Cleft lip with or without cleft palate (CL/P) and cleft palate only (CPO) are common congenital malformations. Numerous epidemiologic studies have shown an increased risk for orofacial clefts among children whose mothers smoked during early pregnancy; however, there is concern that the results of these studies may have been biased because of exposure misclassification. The purpose of this study is to use previous research on the reliability of self-reported cigarette smoking to produce corrected point estimates (and associated credible intervals) of the effect of maternal smoking on children's risk of clefts.
We accounted for misclassification using 4 Bayesian models that made different assumptions about the sensitivity and specificity of self-reported maternal smoking data. We used results from previous studies to specify the prior distributions for sensitivity and specificity of reporting and used Markov chain Monte Carlo algorithms to calculate the posterior distribution of the effect of maternal smoking on children's risk for CL/P and CPO.
After correcting for potential sources of misclassification in data from the National Birth Defects Prevention Study, we found an increased risk of CL/P among children born to mothers who smoked during early pregnancy (posterior odds ratio [OR] = 1.6, 95% credible interval = 1.1–2.2). The posterior effect of smoking on CPO provided less evidence of effect (posterior OR = 1.1, 95% credible interval = 0.7–1.7).
Our results lend some credibility to the hypothesis that periconceptional maternal smoking increases the risk of a child being born with CL/P. The results concerning CPO provide no overall evidence of effect, although the estimates were relatively imprecise. We suggest that future research should emphasize validity studies, especially those of differential reporting, rather than replicating existing analyses of the relationship between maternal smoking and clefts. We discuss how our approach is also applicable to evaluating misclassification in a wide range of exposure-outcome scenarios.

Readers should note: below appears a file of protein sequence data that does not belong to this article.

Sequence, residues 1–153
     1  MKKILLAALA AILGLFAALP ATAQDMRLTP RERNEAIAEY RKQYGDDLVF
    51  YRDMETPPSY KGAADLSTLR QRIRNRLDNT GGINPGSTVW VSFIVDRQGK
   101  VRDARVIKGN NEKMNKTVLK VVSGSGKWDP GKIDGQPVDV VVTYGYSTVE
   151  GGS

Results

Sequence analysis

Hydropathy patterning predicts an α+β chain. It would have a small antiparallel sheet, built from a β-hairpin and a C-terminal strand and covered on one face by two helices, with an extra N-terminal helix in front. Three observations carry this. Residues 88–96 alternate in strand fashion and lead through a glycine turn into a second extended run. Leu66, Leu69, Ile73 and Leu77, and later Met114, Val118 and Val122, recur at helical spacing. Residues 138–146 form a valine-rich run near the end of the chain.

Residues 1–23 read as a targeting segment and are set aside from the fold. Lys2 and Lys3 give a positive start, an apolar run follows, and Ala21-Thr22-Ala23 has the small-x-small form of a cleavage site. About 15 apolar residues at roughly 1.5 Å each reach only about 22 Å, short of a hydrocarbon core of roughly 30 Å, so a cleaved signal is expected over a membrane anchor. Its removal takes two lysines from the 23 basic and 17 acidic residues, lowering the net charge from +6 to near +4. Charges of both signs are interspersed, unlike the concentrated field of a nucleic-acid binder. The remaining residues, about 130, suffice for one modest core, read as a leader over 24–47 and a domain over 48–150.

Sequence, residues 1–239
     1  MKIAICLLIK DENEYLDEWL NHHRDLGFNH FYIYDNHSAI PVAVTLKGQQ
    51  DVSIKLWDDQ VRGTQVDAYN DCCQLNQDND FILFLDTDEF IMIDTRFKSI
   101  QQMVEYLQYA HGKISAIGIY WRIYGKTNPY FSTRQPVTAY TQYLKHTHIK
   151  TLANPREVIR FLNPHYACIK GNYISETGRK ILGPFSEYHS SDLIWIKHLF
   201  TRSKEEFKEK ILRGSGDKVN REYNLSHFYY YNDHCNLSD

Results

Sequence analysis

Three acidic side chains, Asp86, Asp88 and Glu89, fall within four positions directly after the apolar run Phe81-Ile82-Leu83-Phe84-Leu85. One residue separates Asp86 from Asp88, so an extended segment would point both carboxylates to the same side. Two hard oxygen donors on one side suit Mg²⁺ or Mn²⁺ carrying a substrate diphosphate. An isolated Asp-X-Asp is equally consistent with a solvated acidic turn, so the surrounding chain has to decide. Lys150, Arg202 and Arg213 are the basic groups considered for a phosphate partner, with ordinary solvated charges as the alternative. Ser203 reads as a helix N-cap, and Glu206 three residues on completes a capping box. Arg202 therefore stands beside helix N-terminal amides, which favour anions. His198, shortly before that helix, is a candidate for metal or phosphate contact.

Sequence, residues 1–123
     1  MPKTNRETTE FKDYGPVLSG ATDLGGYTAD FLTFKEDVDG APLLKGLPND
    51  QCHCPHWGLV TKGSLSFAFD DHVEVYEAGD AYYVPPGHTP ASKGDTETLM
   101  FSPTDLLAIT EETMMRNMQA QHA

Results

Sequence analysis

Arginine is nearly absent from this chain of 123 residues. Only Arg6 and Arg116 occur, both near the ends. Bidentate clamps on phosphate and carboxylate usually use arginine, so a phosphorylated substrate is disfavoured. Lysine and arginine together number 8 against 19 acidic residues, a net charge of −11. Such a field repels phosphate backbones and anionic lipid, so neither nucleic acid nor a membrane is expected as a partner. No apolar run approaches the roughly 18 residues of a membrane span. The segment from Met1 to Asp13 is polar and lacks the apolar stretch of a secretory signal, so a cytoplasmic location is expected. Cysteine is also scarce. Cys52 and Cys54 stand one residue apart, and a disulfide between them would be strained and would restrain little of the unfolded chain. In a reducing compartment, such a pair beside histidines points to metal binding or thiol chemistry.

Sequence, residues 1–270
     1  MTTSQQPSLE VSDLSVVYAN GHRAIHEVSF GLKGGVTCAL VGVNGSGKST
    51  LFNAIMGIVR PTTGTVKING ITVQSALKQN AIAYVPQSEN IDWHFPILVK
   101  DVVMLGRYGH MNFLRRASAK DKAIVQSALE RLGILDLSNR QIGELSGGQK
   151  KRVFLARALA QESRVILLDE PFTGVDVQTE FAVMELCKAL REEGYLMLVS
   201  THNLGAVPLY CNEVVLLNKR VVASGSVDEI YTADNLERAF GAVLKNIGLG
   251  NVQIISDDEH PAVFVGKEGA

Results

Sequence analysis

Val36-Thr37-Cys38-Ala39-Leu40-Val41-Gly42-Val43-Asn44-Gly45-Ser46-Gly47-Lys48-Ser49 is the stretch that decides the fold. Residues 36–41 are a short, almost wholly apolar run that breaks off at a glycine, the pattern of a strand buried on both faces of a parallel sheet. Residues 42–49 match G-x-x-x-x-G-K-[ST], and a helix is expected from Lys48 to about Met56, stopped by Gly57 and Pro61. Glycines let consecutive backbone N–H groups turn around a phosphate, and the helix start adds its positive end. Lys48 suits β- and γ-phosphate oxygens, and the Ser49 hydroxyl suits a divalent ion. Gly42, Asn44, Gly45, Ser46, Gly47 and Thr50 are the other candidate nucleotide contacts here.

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From the aDivision of Biostatistics, University of Minnesota, Minneapolis, MN; bDivision of Epidemiology and Community Health, University of Minnesota, Minneapolis, MN; cDepartment of Epidemiology, University of North Carolina School of Public Health, Chapel Hill, NC; dCarolina Population Center, University of North Carolina, Chapel Hill, NC; eDepartment of Biostatistics, University of North Carolina School of Public Health, Chapel Hill, NC; fNational Center on Birth Defects and Developmental Disabilities, Centers for Disease Control and Prevention, Atlanta, GA; gMarch of Dimes, California Research Division, Oakland, CA; and hDepartment of Epidemiology, University of Iowa College of Public Health, Iowa City, IA.
Submitted 14 November 2007; accepted 29 April 2008.
The first author completed much of this work while in the Biostatistics Branch at the National Institute of Environmental Health Sciences, Research Triangle Park, NC.
The findings and conclusions in this report are those of the authors and do not necessarily represent the views of the Centers for Disease Control and Prevention.
Supported in part by the Intramural Research Program of the NIH, National Institute of Environmental Health Sciences and by grants from the Centers for Disease Control and Prevention (U50/CCU422096) and the National Institute of Environmental Health Sciences (P30ES10126).
Supplemental material for this article is available with the online version of the journal at www.epidem.com; click on “Article Plus.”
Correspondence: Richard F. MacLehose, PhD, 1300 S. 2nd St, Suite 300, Minneapolis, MN 55454. E-mail: email@example.com.